REPORT FROM THE OFFICE OF REP. BOB MCDERMOTT – Representative Bob McDermott filed a lawsuit today seeking a Declaratory Judgment regarding the 1998 ballot issue pertaining to same-sex marriage. The Governor and many legislators now claim that the meaning of the issue presented on the 1998 ballot gave the State Legislature the power to make all future decisions on same sex marriage.
McDermott, however, insists that the adopted Constitutional Amendment, and official instructions from the Office of Elections, clearly set limits on legislative authority. McDermott further states that the people clearly “thought” they were voting on a legal definition of marriage as between opposite sexes only.
According to settled law, the people’s perception of the meaning of a constitutional vote carries precedence over any other subordinate statutory consideration.
McDermott said, “I was there in 1998 as a member of the State House….a claim few in office today can make. The people thought they were answering the question once and for all. However, the horrible language that was foisted upon the people by the Senate Judiciary committee at the time left us with no choice but to accept the amendment. This explains the mess we are in today.“
The 1998 amendment reads: The legislature shall have the power to reserve marriage to opposite-sex couples. On November 3, 1998, Hawaii voters approved the amendment by a vote of 69.2–28.6%, and the state legislature exercised its power to ban same-sex marriage.
However, the people were told by the Office of Elections in an aggressive 4-week campaign that the meaning of the amendment was at following:
Meaning of a Yes Vote
A “yes” vote would add a new provision to the constitution that would give the Legislature the power to reserve marriage to opposite-sex couples only. The Legislature could then pass a law that would limit marriage to a man and a woman, overturning the recent Supreme Court decision regarding same-sex marriage. (Verbatim Office of Elections instructions)
The point here is that the people thought they were voting on reserving marriage to opposite-sex couples only. Settled US Supreme Court Law affirms that the will or intent of the people on a Constitutional Amendment, when reasonably inferred, supersedes any subordinate statutory language or committee reports.
Excerpts from the Senate Journal, Friday April 18, 1997 just prior to the vote for the Constitutional Amendment Relating to Marriage show that Representative McDermott was not the only one who correctly understood the meaning of the amendment under consideration. (Emphasis added).
Senator Matsunaga –
“Essentially, it accomplishes what we sought to achieve last year. That is, marriage licenses will be limited to opposite sex couples, but coupled with the passage of HB No. 118, CD1, nontraditional couples will be provided access to substantially similar economic marital rights and benefits.”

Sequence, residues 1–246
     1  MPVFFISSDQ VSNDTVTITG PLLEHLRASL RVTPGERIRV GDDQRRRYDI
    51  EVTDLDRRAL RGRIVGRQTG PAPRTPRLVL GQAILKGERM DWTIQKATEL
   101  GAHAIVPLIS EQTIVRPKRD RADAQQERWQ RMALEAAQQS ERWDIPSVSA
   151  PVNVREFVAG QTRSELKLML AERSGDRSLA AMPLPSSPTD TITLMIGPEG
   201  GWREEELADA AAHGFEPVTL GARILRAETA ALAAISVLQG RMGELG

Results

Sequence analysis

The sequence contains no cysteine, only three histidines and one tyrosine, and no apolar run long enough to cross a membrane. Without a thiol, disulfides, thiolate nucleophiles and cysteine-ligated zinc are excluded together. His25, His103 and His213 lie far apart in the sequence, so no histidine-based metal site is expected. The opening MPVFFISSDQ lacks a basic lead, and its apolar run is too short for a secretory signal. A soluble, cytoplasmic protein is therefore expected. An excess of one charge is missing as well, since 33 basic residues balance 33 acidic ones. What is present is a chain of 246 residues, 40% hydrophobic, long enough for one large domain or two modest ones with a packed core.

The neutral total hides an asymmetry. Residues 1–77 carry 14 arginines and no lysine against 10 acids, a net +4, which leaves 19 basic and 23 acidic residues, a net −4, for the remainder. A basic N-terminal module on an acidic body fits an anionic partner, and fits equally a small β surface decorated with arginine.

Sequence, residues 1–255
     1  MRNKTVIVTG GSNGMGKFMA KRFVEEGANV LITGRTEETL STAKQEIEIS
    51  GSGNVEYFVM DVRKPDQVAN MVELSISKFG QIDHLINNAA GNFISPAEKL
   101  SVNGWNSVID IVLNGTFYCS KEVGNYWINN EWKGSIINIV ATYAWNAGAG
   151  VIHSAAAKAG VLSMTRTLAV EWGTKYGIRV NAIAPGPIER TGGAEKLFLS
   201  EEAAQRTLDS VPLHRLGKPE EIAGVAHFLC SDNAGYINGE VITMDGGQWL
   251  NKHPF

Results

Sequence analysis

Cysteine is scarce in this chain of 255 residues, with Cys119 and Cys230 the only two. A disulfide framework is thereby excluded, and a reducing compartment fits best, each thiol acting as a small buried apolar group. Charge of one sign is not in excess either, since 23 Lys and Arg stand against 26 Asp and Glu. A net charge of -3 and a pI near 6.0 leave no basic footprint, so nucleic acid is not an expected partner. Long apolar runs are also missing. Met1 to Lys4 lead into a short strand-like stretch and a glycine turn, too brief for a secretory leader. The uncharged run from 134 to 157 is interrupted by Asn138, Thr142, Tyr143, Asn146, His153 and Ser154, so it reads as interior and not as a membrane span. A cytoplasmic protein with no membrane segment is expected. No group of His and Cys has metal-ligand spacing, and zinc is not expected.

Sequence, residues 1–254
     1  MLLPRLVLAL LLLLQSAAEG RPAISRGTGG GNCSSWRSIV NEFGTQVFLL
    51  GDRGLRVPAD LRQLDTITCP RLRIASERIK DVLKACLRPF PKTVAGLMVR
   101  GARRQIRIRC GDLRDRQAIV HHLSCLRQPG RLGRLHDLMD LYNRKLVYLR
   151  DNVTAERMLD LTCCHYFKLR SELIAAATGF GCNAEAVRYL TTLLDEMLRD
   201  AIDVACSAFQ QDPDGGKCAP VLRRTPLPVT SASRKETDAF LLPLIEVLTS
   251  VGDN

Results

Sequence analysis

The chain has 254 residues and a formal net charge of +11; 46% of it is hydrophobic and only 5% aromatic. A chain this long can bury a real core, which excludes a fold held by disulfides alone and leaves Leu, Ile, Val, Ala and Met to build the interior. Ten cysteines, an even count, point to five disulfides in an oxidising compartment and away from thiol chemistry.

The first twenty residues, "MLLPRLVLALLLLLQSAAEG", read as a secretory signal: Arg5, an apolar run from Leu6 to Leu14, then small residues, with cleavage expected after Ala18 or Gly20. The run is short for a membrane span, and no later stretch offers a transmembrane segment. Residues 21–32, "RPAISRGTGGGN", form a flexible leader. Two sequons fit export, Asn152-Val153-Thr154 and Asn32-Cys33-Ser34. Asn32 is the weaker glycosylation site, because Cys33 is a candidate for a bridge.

“The people of Hawaii will have an opportunity to definitively express their will on the issuance of marriage licenses. As legislators we are bound to acknowledge their power and abide by their will.”
“I support this proposed constitutional amendment, Mr. President, because I support and believe in the right of the citizens of Hawaii to define their own constitution. I also trust that upon full and fair debate, our citizen, over time, will do the right thing.”
“The amendment before us today is as finely tailored as we could accomplish. The people will decide on the simple issue of whether marriage should be limited to couples of the opposite sex—the courts are not insulted, equal protection is not conditioned, and no religious or social dogma is adopted. Instead, and affirmative expression of our understanding of marriage is incorporated in the supreme law of the land.”
“Mr. President, as a Legislator, I took an oath to uphold the Constitution of the State of Hawaii, a document which I hold dear as a lawmaker and as a citizen. The preamble to our constitution states, ‘We reaffirm our belief in a government of the people, by the people and for the people, and with and understanding and compassionate heart towards all peoples of the earth, do hereby ordain and establish this Constitution of the State of Hawaii.”
“So that the record is clear. Granting similar rights and benefits does not mean granting same sex marriage as some have alluded to in an effort to confuse the public. Our compromise package simply gives us the legal and constitutional abilities to limit marriage to man and woman and ensures that those who cannot be married under the law are afforded certain rights and benefits.”
Ayes, 25. Noes, none.
In summary, the legislature needs to acknowledge that the voters did amend the constitution with the intent to limit marriage to couples of the opposite sex. The current legislature needs to honor the legislative record, the people’s votes, and the Hawaii State Constitution.
McDermott said, ‘The people spoke on this issue in 1998 in a clear voice. Conceding this decision to the Legislature is not what they want as confirmed by a recent survey conducted by QEV Analytics which showed that 70% of Hawaii’s voters believed that the definition of marriage is something that the people should decide. So, let them decide again….my amendment in the House (HB5) will enable them to do just that. We are the people’s house.
State Representative Bob McDermott (R) Ewa Beach, is leading the charge to “Let the people Decide” via a new constitutional amendment. A former Marine and Gulf War Vet, McDermott is one of the organizing forces for a coalition of citizens, politicians, businessmen, and clergy in their attempt to stop the legalization of same-sex marriage. McDermott, a father of 8 children, said, “This legislation is being done quickly and sneakily as they know the people, given the chance to speak, will not approve of same-sex marriage. “